An interesting note: I found out about this passage earlier on Tuesday when our friend Jessica Robinson from the National Biodiesel Board (@Biodiesel_Media) tweeted, or more accurately, re-tweeted @agripulse‘s tweet to my Twitter account (@jdavisreporter) when the vote happened. Didn’t take long for at story to travel around the social media! No wonder Chuck and Cindy (@AgriBlogger and @FarmPodcaster) have been such big advocates!

Biofuels and Conservation Achievable with Biomass

Getting energy from the land and practicing good conservation are not mutually exclusive. A federal ag deartment researcher says we can have both through using biomass.

USDA researcher Doug Karlen, who works at the Agricultural Research Service’s National Soil Tilth Lab in Ames, Iowa, told attendees of the recent USDA Outlook Forum that conservation and energy from biomass can be compatible if three things are considered.

“If we utilize multiple feedstock options, multiple conversion platforms and recognize that’s there’s no single solution.”

Karlen also told the group that you have to consider how land conditions vary. In addition, biomass cannot always be seen as just a waste waiting to be made useful. He points out that the trade-off for using biomass from fields for bioenergy is that there is no residue left over to renew the soil with nutrients, as well as losing the habitat for wildlife those crop leftovers provided. Karlen says that’s why it is so important to have a diversity of biomass products within a certain area.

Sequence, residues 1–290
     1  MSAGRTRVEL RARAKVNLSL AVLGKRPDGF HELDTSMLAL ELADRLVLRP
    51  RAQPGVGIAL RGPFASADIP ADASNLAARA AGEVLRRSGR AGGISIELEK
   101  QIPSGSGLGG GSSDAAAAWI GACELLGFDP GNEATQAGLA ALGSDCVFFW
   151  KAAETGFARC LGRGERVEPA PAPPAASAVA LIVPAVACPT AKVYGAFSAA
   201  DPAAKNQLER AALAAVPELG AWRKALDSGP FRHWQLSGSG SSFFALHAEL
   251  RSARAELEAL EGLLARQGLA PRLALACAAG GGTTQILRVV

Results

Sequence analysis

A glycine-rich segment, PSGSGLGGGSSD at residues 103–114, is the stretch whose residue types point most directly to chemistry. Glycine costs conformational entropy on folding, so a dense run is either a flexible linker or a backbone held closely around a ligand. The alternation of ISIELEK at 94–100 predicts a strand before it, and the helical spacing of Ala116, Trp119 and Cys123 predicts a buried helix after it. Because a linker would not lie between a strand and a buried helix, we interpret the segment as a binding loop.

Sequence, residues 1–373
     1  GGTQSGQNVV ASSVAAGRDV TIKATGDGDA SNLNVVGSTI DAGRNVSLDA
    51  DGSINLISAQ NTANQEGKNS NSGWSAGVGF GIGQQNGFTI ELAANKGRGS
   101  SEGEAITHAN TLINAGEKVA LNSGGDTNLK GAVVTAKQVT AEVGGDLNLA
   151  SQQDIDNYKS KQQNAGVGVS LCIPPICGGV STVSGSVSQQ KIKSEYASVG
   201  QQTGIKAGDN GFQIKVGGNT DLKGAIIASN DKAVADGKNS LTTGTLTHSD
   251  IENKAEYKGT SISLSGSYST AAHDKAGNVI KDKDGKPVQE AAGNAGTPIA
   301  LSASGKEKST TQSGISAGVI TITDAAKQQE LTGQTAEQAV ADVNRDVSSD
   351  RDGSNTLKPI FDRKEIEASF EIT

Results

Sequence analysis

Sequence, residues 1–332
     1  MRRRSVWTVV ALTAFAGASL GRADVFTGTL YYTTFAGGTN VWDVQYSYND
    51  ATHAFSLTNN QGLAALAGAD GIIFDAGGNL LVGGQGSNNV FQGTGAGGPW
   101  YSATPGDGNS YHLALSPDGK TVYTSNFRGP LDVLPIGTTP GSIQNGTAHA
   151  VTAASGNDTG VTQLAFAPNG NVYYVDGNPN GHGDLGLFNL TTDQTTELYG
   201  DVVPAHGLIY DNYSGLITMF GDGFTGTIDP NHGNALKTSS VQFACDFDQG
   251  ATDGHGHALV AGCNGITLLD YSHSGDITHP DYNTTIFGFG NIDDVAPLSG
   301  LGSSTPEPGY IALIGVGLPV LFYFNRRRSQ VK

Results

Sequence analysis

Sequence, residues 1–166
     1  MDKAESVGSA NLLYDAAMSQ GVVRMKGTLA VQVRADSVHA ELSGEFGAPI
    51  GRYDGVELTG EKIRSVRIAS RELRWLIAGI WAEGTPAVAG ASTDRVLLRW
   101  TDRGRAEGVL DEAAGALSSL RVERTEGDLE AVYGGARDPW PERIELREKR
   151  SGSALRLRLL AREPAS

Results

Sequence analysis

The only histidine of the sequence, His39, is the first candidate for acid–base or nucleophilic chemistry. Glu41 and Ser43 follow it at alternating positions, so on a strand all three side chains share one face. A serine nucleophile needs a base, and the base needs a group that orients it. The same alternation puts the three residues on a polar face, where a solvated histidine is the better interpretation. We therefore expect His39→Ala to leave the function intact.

Advanced Biofuel Makers Call for Tax Credits

The advanced biofuels industry is putting a bug in Congress’ ear, calling for lawmakers to allow for an investment tax credit that will help advanced biofuels makers get money to get their projects up to commercial scale and become eligible for another operating credit.

Biomass Magazine explains that the industry would be eligible for a federal production tax credit of 30 percent, but the incentive is unused because there are no operating commercial-scale facilities:

Nearly 40 industry-relevant groups such as the Renewable Fuels Association, BlueFire Ethanol, Coskata, Enerkem, Verenium, Range Fuels and Iogen signed a letter to U.S. Sen. Max Baucus, (D-Mont.), Charles Grassley (R-Iowa), Rep. Dave Camp (R-Mich.)and Rep. Charles Rangel (D-N.Y.), which points out that there will be no commercial cellulosic biorefineries commissioned before 2011, at the earliest. The principle cause for commercialization delay is lack of funding, the letter states, due to the severe plummet of the U.S. economy.

According to U.S. Department of Energy numbers, it costs $250 million to get a 50 million-gallon-a-year advanced cellulosic biofuel operation up and running, and right now, that’s some tough scratch to come up with in this economy.

RFA Urges Full Funding of Ethanol Fuel Research

The Renewable Fuels Association (RFA) is urging Congress to ensure full funding of fuels research programs to provide the necessary scientific basis for increasing ethanol blending.